International Journal of Endocrinology 04/2013; 2013(4):510703. DOI:10.1155/2013/510703 · 1.95 Impact Factor
  • Source
    • "Although differences were observed in the ratio of free to conjugated MBP in human serum as compared to the rat, these data are insufficient for quantitative interspecies extrapolation, because in order to replace administered dose as a dose metric, it is necessary to determine the absolute, not the relative, level of free MBP in serum as a function of exposure. The Wyde et al. (2005) study suggests that DBP-induced enzyme induction occurred. Specifically , this study reported that exposure to 50 and 500 mg/kg-d DBP leads to an increase in rat liver UDP glucuronosyltransferase 2B1 (Ugt2b1) mRNA levels. "
    [Show abstract] [Hide abstract]
    ABSTRACT: An approach for evaluating and integrating genomic data in chemical risk assessment was developed based on the lessons learned fromperforming a case study for the chemical dibutyl phthalate. Acase study prototype approach was first developed in accordance with EPA guidance and recommendations of the scientific community. Dibutyl phthalate (DBP) was selected for the case study exercise. The scoping phase of the dibutyl phthalate case studywas conducted by considering the available DBPgenomic data, taken together with the entire data set, for whether they could inform various risk assessment aspects, such as toxicodynamics, toxicokinetics, and dose-response. A description of weighing the available dibutyl phthalate data set for utility in risk assessment provides an example for consideringgenomic data for future chemical assessments. As a result of conducting the scoping process, two questions - Do the DBP toxicogenomic data inform 1) the mechanisms or modes of action?, and 2) the interspecies differences in toxicodynamics? - were selected to focus the case study exercise. Principles of the general approach include considering the genomics data in conjunction with all other data to determine their ability to inform the various quantitative and/or qualitative aspects of risk assessment, and evaluating the relationship between the available genomic and toxicity outcome data with respect to study comparability and phenotypic anchoring. Based on experience fromthe DBP case study, recommendations and ageneral approach for integrating genomic data in chemical assessment were developed to advance the broader effort to utilize 21st century data in risk assessment.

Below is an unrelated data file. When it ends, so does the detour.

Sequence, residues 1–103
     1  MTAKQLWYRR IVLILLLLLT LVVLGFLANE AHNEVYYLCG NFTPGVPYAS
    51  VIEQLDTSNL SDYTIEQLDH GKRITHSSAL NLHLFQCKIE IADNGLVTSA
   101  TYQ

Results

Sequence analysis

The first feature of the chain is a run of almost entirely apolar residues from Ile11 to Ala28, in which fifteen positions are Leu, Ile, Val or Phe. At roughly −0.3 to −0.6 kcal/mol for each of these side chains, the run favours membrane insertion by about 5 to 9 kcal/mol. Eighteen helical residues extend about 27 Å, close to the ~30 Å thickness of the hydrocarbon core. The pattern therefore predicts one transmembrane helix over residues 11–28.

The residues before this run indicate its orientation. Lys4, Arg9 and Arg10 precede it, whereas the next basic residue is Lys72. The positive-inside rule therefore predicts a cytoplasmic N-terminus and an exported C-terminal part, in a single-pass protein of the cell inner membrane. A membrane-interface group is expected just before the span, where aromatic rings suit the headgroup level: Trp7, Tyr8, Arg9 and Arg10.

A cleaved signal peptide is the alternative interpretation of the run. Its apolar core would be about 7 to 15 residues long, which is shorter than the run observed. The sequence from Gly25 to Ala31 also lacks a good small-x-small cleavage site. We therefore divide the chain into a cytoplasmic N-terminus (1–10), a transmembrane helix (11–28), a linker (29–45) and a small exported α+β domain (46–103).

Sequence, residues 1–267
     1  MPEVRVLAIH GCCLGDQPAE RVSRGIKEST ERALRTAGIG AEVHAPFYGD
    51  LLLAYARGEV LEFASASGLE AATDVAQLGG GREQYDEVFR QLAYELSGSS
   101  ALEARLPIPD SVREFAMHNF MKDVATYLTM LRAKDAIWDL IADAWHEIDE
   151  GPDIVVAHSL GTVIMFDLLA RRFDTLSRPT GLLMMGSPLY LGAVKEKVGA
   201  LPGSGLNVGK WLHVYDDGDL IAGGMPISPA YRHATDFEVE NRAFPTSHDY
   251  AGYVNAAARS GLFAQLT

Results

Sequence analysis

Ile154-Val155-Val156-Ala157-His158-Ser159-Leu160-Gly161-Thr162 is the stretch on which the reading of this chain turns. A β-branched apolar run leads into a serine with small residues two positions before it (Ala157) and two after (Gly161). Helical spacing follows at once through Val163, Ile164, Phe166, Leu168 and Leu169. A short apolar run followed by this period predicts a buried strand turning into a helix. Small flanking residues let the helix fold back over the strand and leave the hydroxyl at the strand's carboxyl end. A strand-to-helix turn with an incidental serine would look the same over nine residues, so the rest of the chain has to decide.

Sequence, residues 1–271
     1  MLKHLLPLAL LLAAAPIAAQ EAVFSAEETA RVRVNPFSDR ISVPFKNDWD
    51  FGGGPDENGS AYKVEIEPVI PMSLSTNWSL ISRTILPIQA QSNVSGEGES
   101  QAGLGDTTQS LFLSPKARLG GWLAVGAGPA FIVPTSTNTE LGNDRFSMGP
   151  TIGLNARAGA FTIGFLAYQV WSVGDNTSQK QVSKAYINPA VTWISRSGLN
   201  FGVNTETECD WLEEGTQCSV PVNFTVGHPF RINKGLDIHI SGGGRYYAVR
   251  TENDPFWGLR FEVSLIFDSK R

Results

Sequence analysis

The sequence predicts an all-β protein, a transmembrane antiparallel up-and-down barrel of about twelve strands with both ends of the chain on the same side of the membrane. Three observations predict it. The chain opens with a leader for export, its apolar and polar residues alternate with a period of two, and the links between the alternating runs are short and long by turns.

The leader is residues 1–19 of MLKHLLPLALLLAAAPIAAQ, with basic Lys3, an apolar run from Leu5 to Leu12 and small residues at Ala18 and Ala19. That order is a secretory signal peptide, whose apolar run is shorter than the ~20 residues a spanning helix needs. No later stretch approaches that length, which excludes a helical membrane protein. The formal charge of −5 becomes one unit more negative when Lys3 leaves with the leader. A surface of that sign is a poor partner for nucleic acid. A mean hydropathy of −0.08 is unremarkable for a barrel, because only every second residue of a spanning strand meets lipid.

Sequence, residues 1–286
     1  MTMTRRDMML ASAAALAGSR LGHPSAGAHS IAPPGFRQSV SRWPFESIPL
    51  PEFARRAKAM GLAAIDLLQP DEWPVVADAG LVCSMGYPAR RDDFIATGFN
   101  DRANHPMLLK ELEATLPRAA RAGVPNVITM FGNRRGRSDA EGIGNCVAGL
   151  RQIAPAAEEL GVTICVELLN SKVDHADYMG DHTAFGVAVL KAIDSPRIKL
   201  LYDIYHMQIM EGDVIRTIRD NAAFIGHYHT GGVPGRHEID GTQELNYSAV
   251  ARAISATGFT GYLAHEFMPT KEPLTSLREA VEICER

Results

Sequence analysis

Toxicology and Applied Pharmacology 03/2013; 271(3). DOI:10.1016/j.taap.2013.03.013 · 3.71 Impact Factor
  • Source
    • "antly , their metabolites , are toxic endocrine disruptors . More interestingly , a growing body of research has re - cently identified them as intricate environmental pollutants that may interfere with the development and functioning of human and wildlife reproductive systems ( Coí on et al . , 2000 ; Hauser et al . , 2004 ; Main et al . , 2006 ; Wyde et al . , 2005 ) ."
    [Show abstract] [Hide abstract]
    ABSTRACT: Abstract Concerns over the threats posed by a large number of molecules, collectively termed as endocrine disrupting compounds (EDCs) and generally known to alter and disrupt hormone systems and physiological functions, have often been expressed in academic and scholarly debates. From the perspective of classical toxicology, EDCs have genomic mechanisms of actions and exert agonistic or antagonistic effects on steroid receptors. They are also able to alter reproductive function by binding to estrogen or androgen receptors, and the neuroendocrine system by binding to the thyroid receptor. Recently, EDCs have been shown to have equally complex nongenomic mechanisms, altering steroid synthesis or steroid metabolism. As environmental contaminants, these molecules proved disruptively harmful for many wildlife species, particularly those from or depending on the aquatic ecosystem. An increasingly growing body of research has voiced further concerns that human populations are not immune from the dangers of ED
    Critical Reviews in Environmental Science and Technology 11/2012; 43(21):null. DOI:10.1080/10643389.2012.672076 · 3.47 Impact Factor
Show more